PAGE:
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Scanner Antenna Users Guide

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  by Austin Antenna

  The Leader in Multiband Technology


The broadband receivers and scanners with auto-tune, frequency scan and search capabilities have reached a fantastic state of the art level. The transition of these electronic devices from the not so long ago days of the crystal controlled units represents a quantum leap in technology. The new receivers and scanners have necessitated a need to provide broadband and multiband antennae to assure the maximum performance. While all this electronic wizardry has been in progress, similar technological advances have been made in the art of antennas.

The pricing of today's scanners and receivers ranges from approximately $200 to $5000. No small investment to be sure! One of the most overlooked parts of the system is the antenna. Most scanners come equipped with either a small telescopic whip or an even smaller coiled up wire housed in a flexible rubber sheath. This latter configuration is commonly referred to as a "rubber duck". While the terms are used in relationship to antennae, it is dearly understood by anyone skilled in the art of antenna technology that they bear very little, if any, relationship to a properly designed resonant device deserving to be called an "Antenna". One would probably get just about as much performance out of a "duck" or a "whip" attached to his or her scanner. These devices could more appropriately be referred to as "Wicks", which is a device that when suspended in some medium will pick up or absorb some of the medium on its surface. As an antenna, a wick performs equally poorly on all frequencies.
                   Austin Antenna's Multiband Scanner Antenna User's Guide Scanner Radio

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 Anatomy of an Antenna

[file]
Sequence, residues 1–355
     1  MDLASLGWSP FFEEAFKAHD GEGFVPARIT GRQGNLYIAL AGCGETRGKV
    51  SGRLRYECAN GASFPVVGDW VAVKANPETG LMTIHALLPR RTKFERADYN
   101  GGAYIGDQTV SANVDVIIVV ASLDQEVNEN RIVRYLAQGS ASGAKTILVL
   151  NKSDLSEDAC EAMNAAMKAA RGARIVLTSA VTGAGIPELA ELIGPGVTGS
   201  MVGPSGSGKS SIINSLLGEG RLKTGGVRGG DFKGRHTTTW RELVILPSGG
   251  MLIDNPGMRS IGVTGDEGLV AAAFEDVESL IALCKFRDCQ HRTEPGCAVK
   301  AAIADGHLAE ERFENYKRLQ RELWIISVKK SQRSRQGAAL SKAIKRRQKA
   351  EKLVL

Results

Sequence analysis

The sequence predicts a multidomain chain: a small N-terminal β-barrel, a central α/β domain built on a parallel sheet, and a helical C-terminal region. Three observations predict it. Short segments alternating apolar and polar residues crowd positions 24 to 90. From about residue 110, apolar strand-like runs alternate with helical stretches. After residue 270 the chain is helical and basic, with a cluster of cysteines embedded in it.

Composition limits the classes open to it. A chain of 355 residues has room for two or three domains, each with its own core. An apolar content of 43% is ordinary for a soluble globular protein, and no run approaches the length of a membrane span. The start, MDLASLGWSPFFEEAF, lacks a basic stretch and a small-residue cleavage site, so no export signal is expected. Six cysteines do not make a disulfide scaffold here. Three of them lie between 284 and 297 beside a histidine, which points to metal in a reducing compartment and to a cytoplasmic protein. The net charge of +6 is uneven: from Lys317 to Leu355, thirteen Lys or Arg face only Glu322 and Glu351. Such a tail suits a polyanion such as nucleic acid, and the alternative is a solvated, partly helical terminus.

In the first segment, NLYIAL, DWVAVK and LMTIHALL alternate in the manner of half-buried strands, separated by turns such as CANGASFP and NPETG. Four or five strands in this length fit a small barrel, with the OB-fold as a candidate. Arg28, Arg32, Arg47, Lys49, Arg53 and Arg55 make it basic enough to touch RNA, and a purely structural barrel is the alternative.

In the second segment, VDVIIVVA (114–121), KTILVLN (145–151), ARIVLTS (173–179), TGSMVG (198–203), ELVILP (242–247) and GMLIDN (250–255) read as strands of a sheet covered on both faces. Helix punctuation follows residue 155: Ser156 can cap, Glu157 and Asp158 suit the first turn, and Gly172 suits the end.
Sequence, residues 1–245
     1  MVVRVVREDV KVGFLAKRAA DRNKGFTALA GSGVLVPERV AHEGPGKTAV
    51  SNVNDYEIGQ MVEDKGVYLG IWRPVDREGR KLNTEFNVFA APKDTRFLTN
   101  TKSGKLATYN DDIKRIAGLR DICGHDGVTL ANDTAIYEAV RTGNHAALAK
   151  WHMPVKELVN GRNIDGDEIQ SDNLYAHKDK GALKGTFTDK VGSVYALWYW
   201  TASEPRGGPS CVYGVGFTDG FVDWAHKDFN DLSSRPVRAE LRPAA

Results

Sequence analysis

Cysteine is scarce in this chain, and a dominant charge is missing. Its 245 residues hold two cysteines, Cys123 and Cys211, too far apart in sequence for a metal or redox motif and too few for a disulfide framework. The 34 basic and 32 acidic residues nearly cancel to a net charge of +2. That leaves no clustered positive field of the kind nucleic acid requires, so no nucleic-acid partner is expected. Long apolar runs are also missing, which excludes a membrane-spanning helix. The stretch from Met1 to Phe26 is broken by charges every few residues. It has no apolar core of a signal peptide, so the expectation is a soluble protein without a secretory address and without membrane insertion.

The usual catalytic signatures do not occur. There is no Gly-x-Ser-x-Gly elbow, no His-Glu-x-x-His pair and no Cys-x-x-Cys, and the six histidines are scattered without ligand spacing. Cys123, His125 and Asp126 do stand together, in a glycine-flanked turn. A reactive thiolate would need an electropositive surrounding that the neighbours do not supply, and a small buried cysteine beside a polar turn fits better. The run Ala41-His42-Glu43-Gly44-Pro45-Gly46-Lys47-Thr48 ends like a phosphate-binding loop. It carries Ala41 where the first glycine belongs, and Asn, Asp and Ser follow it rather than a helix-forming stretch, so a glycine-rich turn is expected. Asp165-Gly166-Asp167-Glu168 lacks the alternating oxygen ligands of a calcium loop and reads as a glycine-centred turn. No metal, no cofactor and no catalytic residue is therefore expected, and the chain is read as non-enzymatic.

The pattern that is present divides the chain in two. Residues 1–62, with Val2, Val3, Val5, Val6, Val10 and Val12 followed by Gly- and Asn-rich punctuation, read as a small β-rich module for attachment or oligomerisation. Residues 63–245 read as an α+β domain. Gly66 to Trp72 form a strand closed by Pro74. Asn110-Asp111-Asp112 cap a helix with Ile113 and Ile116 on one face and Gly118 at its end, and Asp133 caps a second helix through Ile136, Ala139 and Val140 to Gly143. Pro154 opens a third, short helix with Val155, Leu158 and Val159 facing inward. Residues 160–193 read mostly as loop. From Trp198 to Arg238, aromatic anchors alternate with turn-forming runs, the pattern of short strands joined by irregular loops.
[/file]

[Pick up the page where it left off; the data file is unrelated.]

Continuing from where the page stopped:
Antennas commonly thought of by most people as "just a piece of wire" are anything but! The appearingly simple device is in actuality the by-product of one of the most sophisticated and complex sciences known as "Electromagnetics". To be classified as a "real antenna" the device must be properly designed:

1. To have a resonance at a specific frequency, band of frequencies or group of frequency bands.

2. To assure that the electromagnetic field created by the antenna is correctly positioned for maximum performance.

3. To present a correct feed impedance to the scanner or receiver.

While sounding terribly complex, this is really quite simple to understand. As a matter of fact it is considerably easier to understand than in many instances to accomplish. Taking things point by point:



Radio signals are electromagnetic fields formed by the energy radiating from the antenna of the source transmitter. For the scanner listener, these sources most usually are the police and fire base stations, trucks, cruisers, etc. These sources are operating on frequencies assigned to them by the Federal Communications Commission. Frequency is a way of describing the dimensions of an electromagnetic wave. Let's give it a try!


The Podunk Police Department is assigned the frequency of 155 MHz. [155 Megahertz, le, 155 million hertz.] By the way, megahertz used to be called megacycles, but a few years ago just when everybody had gotten real familiar with cycles, this was changed to hertz to honor the German scientist Heinrich Hertz for his accomplishments in electromagnetics and related fields. This information should provide some comfort to those who feel overlooked as Heinrich died about 100 years ago.

              OK- The equation: [A real brainburner.]

984 X 12 /Frequency in MHz=length of the wave in inches

             For Podunk 984 x 12 / 155 = 76.180 inches.

The most common antenna configuration utilized for transmission and reception is a length of 1/2 wave.

            492 X 12 / Frequency in MHz=1/2 wavelength

        So for Podunk this would be 76.180 / 2=38 inches.

When an antenna is designed according to this definition it is said to be resonant. No! It is not exactly as simple as this, but this definition is fundamentally true, and it is correct that an antenna that is resonant is significantly more efficient than anything that is not. It is also useful in understanding the elementary antenna criteria, and that the "whip" and the "duck" are not resonant at more than one frequency. So If your duck is 6" long and your whip is 15" long, they AIN'T working too good on the Podunk frequency. Got it ? ?

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